Michael Schwenk, Gurtej S Grewal, Bahareh Honarvar, Stefanie Schwenk, Jane Mohler, Dharma S Khalsa and Bijan Najafi. Journal of NeuroEngineering and Rehabilitation 2014, 11:164 doi:10.1186/1743-0003-11-164
Published: 13 December 2014
http://www.jneuroengrehab.com/content/11/1/164/abstract/

Advances in Mind Body Medicine
Title: The Pillars of Alzheimer’s Prevention
Khalsa, DS, Gustafson, C.
2014 Summer;28(3):26-32.
Published Summer 2014
http://www.ncbi.nlm.nih.gov/pubmed/25141356

Arizona Geriatrics Society Journal
Title: Kirtan Kriya Yoga Meditation: A New Dimension in Alzheimer’s Prevention
Khalsa, DS.
Arizona Geriatrics Society Journal. 2013; 18(2):12-16
Published October 2013

NIH Public Access, Author Manuscript
Title: Stress, Inflammation and Aging
Helen Lavretsky and Paul A. Newhouse.
Published September 1, 2013.
http://www.ncbi.nlm.nih.gov/pmc/articles/PMC3428505

Biochemical Pharmacology
Title: Future directions in Alzheimer’s disease from risk factors to prevention.
Imtiaz B, Tolppanen AM, Kivipelto M, Soininen H. Biochem Pharmacol. 2014 Apr 15;88(4):661-70. doi: 10.1016/j.bcp.2014.01.003. Epub 2014 Jan 10.
Published January 2013
http://www.ncbi.nlm.nih.gov/pubmed/24418410

Alzheimer’s & Dementia
Title: The Finnish Geriatric Intervention Study to Prevent Cognitive Impairment and Disability (FINGER): Study design and progress.
Kivipelto M, Solomon A, Ahtiluoto S, Ngandu T, Lehtisalo J, et al. Alzheimers Dement. 2013 Jan 16. pii: S1552-5260(12)02523-X. doi: 10.1016/j.jalz.2012.09.012. [Epub ahead of print] Published in January 2013
http://www.ncbi.nlm.nih.gov/pubmed/23332672

Aging Health
Title: A Pilot Study On The Effects Of Meditation On Regional Brain Metabolism In Distressed Dementia Caregivers
Kelsey L Pomykala, Daniel HS Silverman, Cheri L Geist, Patricia Voege, Prabha Siddarth, Nora Nazarian,Natalie M St Cyr, Dharma S Khalsa & Helen Lavretsky Aging Health Aging Health, October 2012, Vol. 8, No. 5, Pages 509-516 , DOI 10.2217/ahe.12.46 (doi:10.2217/ahe.12.46)
Published in October 2012
http://www.futuremedicine.com/doi/abs/10.2217/ahe.12.46

Psychoneuroendocrinology
Title: Yogic Meditation Reverses NF-?b And IRF-Related Transcriptome Dynamics In Leukocytes Of Family Dementia Caregivers In A Randomized Controlled Trial
Black DS, Cole SW, Irwin MR, Breen E, St Cyr NM, Nazarian N, Khalsa DS, Lavretsky H. Psychoneuroendocrinology. 2012 Jul 13. [Epub ahead of print] Published in July 2012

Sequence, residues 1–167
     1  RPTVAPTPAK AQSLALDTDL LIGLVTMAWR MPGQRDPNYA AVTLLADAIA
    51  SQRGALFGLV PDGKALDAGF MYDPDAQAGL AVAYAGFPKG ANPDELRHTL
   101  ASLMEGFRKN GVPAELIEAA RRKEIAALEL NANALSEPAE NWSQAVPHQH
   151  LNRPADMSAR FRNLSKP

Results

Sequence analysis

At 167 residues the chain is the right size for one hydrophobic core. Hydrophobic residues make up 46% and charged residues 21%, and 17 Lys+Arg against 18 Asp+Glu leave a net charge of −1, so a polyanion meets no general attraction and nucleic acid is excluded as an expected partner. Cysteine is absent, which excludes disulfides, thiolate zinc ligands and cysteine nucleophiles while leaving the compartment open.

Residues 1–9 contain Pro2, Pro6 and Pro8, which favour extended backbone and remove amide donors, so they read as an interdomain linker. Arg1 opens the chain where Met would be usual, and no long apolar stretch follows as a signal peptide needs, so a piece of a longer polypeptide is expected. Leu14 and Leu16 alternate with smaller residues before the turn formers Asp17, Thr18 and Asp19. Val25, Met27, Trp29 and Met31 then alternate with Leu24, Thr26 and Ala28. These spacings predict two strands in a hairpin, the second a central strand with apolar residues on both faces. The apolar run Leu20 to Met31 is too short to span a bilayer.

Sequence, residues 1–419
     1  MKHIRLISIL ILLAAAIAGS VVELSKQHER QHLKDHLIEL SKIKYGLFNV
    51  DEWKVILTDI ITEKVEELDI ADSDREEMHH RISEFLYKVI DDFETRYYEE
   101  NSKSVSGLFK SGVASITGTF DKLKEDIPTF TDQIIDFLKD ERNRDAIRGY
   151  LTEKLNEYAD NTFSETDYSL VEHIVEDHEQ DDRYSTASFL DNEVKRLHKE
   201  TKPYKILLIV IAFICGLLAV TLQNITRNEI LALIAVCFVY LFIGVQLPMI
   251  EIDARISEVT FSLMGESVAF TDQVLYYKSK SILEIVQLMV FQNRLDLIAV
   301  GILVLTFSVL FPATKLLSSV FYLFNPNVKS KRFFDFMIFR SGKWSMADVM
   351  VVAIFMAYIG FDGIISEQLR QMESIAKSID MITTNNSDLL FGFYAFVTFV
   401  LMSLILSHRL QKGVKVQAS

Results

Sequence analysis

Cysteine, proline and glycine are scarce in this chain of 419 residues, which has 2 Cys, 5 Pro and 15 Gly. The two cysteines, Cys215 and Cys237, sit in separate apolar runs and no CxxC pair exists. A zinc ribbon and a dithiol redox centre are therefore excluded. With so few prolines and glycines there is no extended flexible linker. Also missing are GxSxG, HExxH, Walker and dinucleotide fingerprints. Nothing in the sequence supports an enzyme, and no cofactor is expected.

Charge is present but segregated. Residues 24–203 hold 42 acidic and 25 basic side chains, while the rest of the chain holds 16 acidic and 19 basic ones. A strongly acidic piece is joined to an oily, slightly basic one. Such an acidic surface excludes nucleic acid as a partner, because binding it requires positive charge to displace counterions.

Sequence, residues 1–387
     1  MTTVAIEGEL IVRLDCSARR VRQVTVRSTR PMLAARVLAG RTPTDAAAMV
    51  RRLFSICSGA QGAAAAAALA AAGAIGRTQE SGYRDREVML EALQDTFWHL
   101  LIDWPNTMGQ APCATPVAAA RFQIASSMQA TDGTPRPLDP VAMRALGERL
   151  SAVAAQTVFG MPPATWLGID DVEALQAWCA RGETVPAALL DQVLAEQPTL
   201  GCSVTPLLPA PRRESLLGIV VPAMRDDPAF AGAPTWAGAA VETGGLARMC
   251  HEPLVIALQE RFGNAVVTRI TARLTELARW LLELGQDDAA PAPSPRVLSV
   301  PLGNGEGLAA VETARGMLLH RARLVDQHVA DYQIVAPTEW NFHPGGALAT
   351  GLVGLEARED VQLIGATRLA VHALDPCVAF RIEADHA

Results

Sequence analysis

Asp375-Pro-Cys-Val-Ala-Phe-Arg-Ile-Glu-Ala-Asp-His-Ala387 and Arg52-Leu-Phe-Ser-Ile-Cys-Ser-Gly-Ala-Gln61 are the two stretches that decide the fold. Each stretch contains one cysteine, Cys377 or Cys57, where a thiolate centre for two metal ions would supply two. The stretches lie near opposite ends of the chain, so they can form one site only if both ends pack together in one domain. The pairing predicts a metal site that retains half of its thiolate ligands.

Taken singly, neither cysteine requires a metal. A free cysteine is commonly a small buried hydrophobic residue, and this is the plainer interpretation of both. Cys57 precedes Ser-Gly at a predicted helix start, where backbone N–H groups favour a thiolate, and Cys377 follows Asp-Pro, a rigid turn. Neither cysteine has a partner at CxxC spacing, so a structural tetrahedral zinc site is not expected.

http://www.ncbi.nlm.nih.gov/pubmed/22795617

International Journal of Geriatric Psychiatry
Title: A Pilot Study of Yogic Meditation for Family Dementia Caregivers with Depressive Symptoms: Effects on Mental Health, Cognition, and Telomerase Activity
Lavretsky H, Epel ES, Siddarth P, Nazarian N, Cyr NS, Khalsa DS, Lin J, Blackburn E, Irwin MR. Int J Geriatr Psychiatry. 2013 Jan;28(1):57-65. doi: 10.1002/gps.3790. Epub 2012 Mar 11.
Published in March 2012
http://www.ncbi.nlm.nih.gov/pubmed/22407663

Journal of Alternative and Complementary Medicine
Title: Effects of An 8-Week Meditation Program on Mood and Anxiety in Patients With Memory Loss
Moss AS, Wintering N, Roggenkamp H, Khalsa DS, Waldman MR, Monti D, Newberg AB. J Altern Complement Med. 2012 Jan;18(1):48-53. doi: 10.1089/acm.2011.0051.
Published in January 2012
http://www.ncbi.nlm.nih.gov/pubmed/22268968

Psychiatry Research: Neuroimaging
Title: Cerebral Blood Flow Changes Associated with Different Meditation Practices and Perceived Depth Of Meditation
Wang DJ, Rao H, Korczykowski M, Wintering N, Pluta J, Khalsa DS, Newberg AB. Psychiatry Res. 2011 Jan 30;191(1):60-7. doi: 10.1016/j.pscychresns.2010.09.011. Epub 2010 Dec 8.
Published in December 2010
http://www.ncbi.nlm.nih.gov/pubmed/21145215

Consciousness and Cognition
Title: Cerebral Blood Flow Differences Between Long-Term Meditators and Non-Meditators
Newberg AB, Wintering N, Waldman MR, Amen D, Khalsa DS, Alavi A. Conscious Cogn. 2010 Dec;19(4):899-905. doi: 10.1016/j.concog.2010.05.003. Epub 2010 Jun 8.
Published in May 2010
http://www.ncbi.nlm.nih.gov/pubmed/20570534

Journal of Alzheimer’s Disease
Title: Meditation Effects on Cognitive Function and Cerebral Blood Flow in Subjects with Memory Loss: A Preliminary Study
Newberg AB, Wintering N, Khalsa DS, Roggenkamp H, Waldman MR. J Alzheimers Dis. 2010;20(2):517-26. doi: 10.3233/JAD-2010-1391.
Published in April 2010
http://www.ncbi.nlm.nih.gov/pubmed/20164557

Nuclear Medicine Communications
Title: Cerebral Blood Flow Changes During Chanting Meditation
Khalsa DS, Amen D, Hanks C, Money N, Newberg A. Nucl Med Commun. 2009 Dec;30(12):956-61. doi: 10.1097/MNM.0b013e32832fa26c.
Published in June 2009
http://www.ncbi.nlm.nih.gov/pubmed/19773673

Journal of Alternative Therapies in Health and Medicine
Title: Integrated medicine and the prevention and reversal of memory loss.
Khalsa DS. Journal of Alternative Therapies in Health and Medicine
1998 Nov;4(6):38-43.
Published in November 1998
http://www.ncbi.nlm.nih.gov/pubmed/9810066

Journal of Alternative Therapies in Health and Medicine